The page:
etc. Flash drives can be a little pricey depending on storage, so “limited edition” is the way to go here. Wine Labels. Fuck Vince Neil. Why go to the trouble of bottling your own wine when you can sell a sticker that looks hip and covers up the fact that some of your fans think Chardonnay is actually drinkable? Go for a package of four or five wraparound decals bearing the types of wine your band members actually like to drink, or just take the obvious route and make everything look like a bottle of Mad Dog. Clean Urine. It’s more than just an inside-joke extra level of subterfuge for those fans of yours looking to score a nice, boring cubicle job. (“I’m not just cheating with someone else’s piss, I’m cheating with Shawn Beauville’s piss!”) It’s a part of you, man; you’re sharing so much more than a song. Also, it’s great for athlete’s foot and jellyfish attacks. Diapers. With bands and fans of a certain age, onesies for the tots are pretty much THE merch item to tout. But that’s been done to death. What about diapers? Yes, I know they’re disposable, and they get covered with runny baby leavings. You don’t put your logo on them. You put the logo of a band you think sucks on them. On the inside. Scratch-Off Lottery Tickets. Who doesn’t like scratching off lottery tickets? And who wouldn’t want their very own lottery? It’s win-win, band people, even if not every fan wins an autographed guitar, or a free CD, or even another ticket. (Plus, you can always double up on the collectible angle by taping an autographed guitar pick to every ticket as a bonus scratching-off implement.) REAX MUSIC MAGAZINE • MAY 2008 • PAGE 12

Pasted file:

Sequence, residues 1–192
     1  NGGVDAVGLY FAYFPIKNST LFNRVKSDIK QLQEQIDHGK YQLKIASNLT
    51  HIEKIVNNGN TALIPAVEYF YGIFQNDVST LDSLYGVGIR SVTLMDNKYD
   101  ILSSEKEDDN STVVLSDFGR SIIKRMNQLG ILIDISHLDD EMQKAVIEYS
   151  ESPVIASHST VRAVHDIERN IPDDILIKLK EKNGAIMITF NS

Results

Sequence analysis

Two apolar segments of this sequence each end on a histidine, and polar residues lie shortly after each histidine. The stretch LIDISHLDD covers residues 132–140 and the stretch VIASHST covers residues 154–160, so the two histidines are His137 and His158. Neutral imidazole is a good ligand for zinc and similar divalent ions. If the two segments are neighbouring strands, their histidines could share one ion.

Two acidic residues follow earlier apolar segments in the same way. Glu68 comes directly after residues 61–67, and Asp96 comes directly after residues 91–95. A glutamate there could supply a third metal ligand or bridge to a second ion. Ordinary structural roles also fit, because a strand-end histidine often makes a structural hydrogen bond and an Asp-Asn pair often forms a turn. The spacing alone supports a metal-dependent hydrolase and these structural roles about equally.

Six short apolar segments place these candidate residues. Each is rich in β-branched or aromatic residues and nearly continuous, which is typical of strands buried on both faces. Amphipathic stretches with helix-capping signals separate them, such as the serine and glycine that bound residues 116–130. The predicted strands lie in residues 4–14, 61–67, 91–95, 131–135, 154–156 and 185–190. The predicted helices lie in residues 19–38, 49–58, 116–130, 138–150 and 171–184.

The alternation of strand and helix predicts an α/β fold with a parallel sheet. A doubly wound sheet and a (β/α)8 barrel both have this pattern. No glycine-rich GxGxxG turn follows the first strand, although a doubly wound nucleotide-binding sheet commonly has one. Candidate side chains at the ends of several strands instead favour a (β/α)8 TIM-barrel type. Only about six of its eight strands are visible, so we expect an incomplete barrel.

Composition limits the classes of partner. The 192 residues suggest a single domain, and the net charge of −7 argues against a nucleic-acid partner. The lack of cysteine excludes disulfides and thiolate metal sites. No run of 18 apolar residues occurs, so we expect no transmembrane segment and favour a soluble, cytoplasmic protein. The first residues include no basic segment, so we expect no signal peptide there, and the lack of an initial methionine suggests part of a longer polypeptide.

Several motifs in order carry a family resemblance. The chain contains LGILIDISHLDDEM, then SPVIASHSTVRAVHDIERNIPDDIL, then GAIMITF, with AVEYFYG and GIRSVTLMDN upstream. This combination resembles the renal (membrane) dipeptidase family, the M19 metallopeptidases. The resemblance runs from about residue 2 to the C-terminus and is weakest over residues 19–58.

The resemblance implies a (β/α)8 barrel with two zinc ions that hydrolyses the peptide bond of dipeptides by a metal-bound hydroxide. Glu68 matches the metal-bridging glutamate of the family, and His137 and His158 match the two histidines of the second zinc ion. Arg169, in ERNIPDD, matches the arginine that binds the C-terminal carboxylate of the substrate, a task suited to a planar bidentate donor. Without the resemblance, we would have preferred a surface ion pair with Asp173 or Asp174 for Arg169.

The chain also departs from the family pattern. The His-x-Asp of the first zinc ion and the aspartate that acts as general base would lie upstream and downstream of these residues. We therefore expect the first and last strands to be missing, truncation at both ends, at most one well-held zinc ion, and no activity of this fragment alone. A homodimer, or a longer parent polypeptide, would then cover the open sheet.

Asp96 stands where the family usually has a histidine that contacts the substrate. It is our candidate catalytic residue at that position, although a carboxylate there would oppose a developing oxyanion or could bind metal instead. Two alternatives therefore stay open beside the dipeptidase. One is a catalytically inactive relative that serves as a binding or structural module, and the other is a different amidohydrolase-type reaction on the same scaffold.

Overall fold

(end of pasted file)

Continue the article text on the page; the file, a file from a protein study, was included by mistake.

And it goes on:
while writing our music,” added singer and guitar player Tilian Pearson. Venturing off the beaten path is a daunting task, and more often than not a thankless endeavor. However, when thrust into times of unwanted change, there is no better cure for the insecurity and nearly crippling depression that tends to follow. The delicate nature of these situations has surely caused many to bury their heads in the sand while amazing things continue to happen around them. Discovering new music and experiencing new things can literally bring a person back to life in times like these. One of the Tampa Bay area’s newest independent rock outfits, Tides of Man, is ready to shake things up in the local scene, and hopefully garner more attention for what has become a relevant local music culture once again. Combining elements of prog-rock with post-punk/hardcore soul and a dramatic vocal flair, Tides of Man are bringing something quite unique to the Central Florida’s music community. Upon first listen TOM sound like they have been playing together for years. “We all knew each other and were working on our own music. Alan [Jaye, bassist] spontaneously booked a show in December 2006 and we decided to unite to fill the booked slot. In a week, we mixed our separate songs together and threw together a show. We didn’t really even have a band name, but we worked well together so we decided to stay together,” guitar player Spencer Gill explained. In just a little over a year, the band already has an acclaimed independent EP, as well as plans for a full-length release, Empire Theory, in the not so distant future. The five-song EP is filled with majestically ethereal prog overtures which offer inspiration and the promise of greatness to follow. When listening to these songs, it’s nearly impossible not to think of the Mars Volta’s brilliant debut, De-Loused in the Comatorium, as well as Philadelphia-based experimental math-rock outfit Circa Survive. I asked the guys their thoughts on the perception of arrogance that has been linked to the Mars Volta’s music, and the relationship between Mars Volta and the band that led to its conception, At the Drive-In. “If it wasn’t for the ‘arrogance’ of our musical predecessors, geniuses such as Bach, Beethoven or Hendrix, Gregorian chants — the ancient technology of power chords — would be today’s pop standards,” said guitarist Adam Sene. “Classical composers were frequently criticized for their inharmonious diminished and augmented chords, [they’re] standard practice in classical and jazz composition today. The Mars Volta are innovators. Some of their music is ugly and a bit out there, but it is intended that way. At the Drive-In was a great band, but the genre was limited.” “I would say that it is more the aspect of innovation that influences Tides of Man. We, however, tend to prefer tastefulness over flashiness, and we keep that in mind